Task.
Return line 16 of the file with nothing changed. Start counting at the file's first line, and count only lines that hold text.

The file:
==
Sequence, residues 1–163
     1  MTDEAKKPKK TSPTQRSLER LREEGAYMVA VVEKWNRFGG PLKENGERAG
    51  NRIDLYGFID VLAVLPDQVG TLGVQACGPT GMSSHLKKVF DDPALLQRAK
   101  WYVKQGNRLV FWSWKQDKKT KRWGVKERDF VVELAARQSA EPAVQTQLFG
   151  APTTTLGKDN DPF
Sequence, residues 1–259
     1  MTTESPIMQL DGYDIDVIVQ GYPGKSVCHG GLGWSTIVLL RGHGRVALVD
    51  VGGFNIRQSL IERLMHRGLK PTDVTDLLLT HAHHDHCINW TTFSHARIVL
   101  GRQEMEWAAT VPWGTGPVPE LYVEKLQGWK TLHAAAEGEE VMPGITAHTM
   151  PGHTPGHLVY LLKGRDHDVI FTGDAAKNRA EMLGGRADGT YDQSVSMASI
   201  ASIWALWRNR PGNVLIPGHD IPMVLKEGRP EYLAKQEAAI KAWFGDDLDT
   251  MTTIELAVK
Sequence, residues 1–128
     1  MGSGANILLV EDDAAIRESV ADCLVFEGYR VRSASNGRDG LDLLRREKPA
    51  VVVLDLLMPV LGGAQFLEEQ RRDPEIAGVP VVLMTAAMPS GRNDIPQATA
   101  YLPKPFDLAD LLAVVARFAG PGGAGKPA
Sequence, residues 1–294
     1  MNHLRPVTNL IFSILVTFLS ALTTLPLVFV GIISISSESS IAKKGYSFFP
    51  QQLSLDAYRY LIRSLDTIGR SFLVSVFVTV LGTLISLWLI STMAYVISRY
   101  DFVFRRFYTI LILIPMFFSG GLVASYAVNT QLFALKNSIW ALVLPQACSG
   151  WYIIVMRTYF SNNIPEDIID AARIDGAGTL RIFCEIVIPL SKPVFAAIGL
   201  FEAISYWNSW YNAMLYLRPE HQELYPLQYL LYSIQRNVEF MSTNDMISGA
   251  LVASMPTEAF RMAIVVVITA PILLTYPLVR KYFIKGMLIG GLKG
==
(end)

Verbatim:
   101  YLPKPFDLAD LLAVVARFAG PGGAGKPA